Termination – plan a dignified exit for terminated employees
The first time he fired someone, one manager explained, it took him two hours and the process was excruciatingly painful for both himself and the affected employee. Over time, he got “so good” at firing employees that somewhere between the time they entered his office and walked across to take a chair, they were fired. “We brought you in to discuss some difficult matters. We know you are not happy here, that you are not happy with your performance … We are not happy with it either, and feel you can do better elsewhere. So today we are going to part company and we are going to wish you good luck. Here is a severance check and a letter of recommendation we want you to have, along with what we owe you. We want you to take the rest of the day off on us, and here are twenty bucks so you can treat yourself to a nice lunch.” What goes around comes around, and this same manager reports that when it was his time to be fired he found “the box” on his desk. Everyone knew the dreaded box was given to dismissed employees to fill it with their personal belongings. This manager did not have the courtesy of facing his supervisor, he received a phone call seconds after entering his office: “See that box on your desk? Get your belongings, report to payroll … We’ll give you a ride home.” And if you think that was tasteless, it seems someone can always top your story. I recently read about a host of people being dismissed, well …, via E-mail!
The words firing and dignity hardly belong together. Nevertheless, there are a few principles we can keep in mind that will help preserve a certain amount of dignity to that employee we are ready to let go.
Employee termination has been referred to as workplace death penalty. Perhaps a better analogy is that of workplace divorce. Like in divorce, the parties involved can choose to be combative or cordial. While it is a mistake to take any analogy too far, there are other aspects of marriage that merit comparison: both parties share some responsibility for having chosen each other, and for making the relationship grow and succeed afterward.
Persons who suffer job loss may go through some predictable emotional stages that may include lowered self-esteem, despair, shame, anger, and feelings of rejection. The greater the positive feelings the employee held towards the supervisor, farm enterprise or job itself; and the longer the period of employment within the operation, the more poignant these feelings may be felt now.
Let us narrow down this termination situation to one where no single act (e.g., the employee has been caught hitting a cow with a pipe, or has been consistently late) has been the cause for dismissal, nor is this a layoff case. Rather, over time it has become clear through a multitude of events that the employee is not a match for the job. While these other situations can borrow some of the suggestions offered here, there are some important differences.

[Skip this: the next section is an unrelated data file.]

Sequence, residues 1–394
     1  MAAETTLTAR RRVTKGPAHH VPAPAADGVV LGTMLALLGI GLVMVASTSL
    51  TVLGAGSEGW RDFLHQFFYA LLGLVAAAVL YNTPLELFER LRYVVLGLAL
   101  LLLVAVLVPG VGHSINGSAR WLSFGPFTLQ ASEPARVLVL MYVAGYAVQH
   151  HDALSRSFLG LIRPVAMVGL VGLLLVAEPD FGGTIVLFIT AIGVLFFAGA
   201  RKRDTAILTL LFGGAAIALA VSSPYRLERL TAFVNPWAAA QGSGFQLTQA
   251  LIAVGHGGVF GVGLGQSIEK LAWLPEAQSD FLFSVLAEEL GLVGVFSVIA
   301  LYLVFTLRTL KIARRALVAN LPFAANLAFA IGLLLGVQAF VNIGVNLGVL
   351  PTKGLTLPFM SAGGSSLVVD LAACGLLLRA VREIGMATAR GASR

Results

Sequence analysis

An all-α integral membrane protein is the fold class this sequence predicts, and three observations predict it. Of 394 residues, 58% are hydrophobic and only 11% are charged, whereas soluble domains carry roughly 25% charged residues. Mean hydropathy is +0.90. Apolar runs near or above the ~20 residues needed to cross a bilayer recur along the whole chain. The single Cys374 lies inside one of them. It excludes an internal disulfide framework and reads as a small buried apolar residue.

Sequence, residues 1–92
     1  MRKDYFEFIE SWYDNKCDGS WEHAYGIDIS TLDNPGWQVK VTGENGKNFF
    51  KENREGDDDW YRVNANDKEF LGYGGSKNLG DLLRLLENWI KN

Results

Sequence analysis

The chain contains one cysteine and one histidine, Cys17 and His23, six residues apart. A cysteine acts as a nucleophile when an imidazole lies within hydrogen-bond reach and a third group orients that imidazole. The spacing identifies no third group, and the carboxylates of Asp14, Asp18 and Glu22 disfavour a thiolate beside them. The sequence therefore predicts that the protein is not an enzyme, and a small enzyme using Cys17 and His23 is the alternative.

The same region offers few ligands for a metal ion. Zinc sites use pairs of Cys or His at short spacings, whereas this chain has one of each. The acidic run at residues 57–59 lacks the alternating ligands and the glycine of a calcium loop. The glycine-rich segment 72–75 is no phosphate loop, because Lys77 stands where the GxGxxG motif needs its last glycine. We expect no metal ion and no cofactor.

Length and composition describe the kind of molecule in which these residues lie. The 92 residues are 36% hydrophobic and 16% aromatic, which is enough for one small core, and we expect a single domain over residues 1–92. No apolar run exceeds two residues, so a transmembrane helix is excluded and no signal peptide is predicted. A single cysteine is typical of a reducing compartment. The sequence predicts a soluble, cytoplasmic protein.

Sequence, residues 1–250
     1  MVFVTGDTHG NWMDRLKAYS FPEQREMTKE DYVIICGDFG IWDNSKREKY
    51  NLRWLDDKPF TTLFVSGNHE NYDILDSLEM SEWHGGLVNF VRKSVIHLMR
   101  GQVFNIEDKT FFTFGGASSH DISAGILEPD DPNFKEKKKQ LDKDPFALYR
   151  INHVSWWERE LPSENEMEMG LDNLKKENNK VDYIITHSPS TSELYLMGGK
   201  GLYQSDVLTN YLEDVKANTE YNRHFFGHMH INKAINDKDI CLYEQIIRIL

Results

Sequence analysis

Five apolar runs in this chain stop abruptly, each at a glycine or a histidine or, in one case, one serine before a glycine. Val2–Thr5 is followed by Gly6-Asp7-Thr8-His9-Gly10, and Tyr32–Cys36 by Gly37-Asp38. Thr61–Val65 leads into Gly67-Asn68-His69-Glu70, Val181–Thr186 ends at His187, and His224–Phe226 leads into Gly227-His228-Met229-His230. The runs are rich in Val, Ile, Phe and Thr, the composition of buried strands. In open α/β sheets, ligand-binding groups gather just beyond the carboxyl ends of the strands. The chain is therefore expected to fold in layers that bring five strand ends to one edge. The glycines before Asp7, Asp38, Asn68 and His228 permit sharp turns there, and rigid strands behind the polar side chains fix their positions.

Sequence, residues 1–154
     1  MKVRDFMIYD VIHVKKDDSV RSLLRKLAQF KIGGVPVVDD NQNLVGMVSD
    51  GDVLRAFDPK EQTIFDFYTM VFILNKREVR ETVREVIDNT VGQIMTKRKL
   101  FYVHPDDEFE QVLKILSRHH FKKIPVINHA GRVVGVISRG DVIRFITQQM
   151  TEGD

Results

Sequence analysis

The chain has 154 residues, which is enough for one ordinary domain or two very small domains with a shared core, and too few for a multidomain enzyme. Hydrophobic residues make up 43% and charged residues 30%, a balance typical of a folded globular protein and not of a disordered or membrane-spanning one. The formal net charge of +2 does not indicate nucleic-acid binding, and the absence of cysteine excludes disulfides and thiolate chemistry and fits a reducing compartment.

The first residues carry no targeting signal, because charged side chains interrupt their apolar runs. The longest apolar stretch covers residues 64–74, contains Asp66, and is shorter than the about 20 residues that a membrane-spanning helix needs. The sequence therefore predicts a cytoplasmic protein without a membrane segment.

Before stepping forward to discuss the details of the termination interview, we need to assume that the decision has already been made with much care; that it will not be a surprise to the worker (it is critical that the employee have previously received an explicit written notice that his or her termination is being considered); that appropriate and well documented disciplinary, counseling and coaching measures have already taken place; and that you are working with the help of a qualified labor attorney (there are a host of legal questions to be answered at every step).
Despite all efforts, then, it has become clear that the employee ought to be terminated. So, how and when does one best face the employee to deliver the bad news? A few decisions need to be made before actually meeting with the employee. This is one of those situations where there is no substitute for total preparation.
Pre-meeting decisions and preparation
Privacy. A major concern of people who are terminated, is the fear of what will be said about them behind their back. It is a good policy to reassure workers that except for the management team involved in the termination, or others on a need-to-know basis, that the issue will not be discussed with employees.
Management must encourage personnel who have questions to speak directly with the employee. It is sometimes hard to resist the temptation of broadcasting management’s side of the story. Employees who remain with the firm will reason that the confidentiality and dignity afforded to a co-worker is but a reflection of how they themselves may be treated in the future. The principle that “your good name is safe in my lips” needs to be followed.
Furthermore, many employers agree to only discuss data such as length of employment, pay level, and job title with potential employers. The terminated worker can likewise be asked not to discuss the issue with others in the community or workplace, but reassured that it is his or her decision to make.
Opinions expressed in this article are those of the author and not of The HR Gazette or its team members.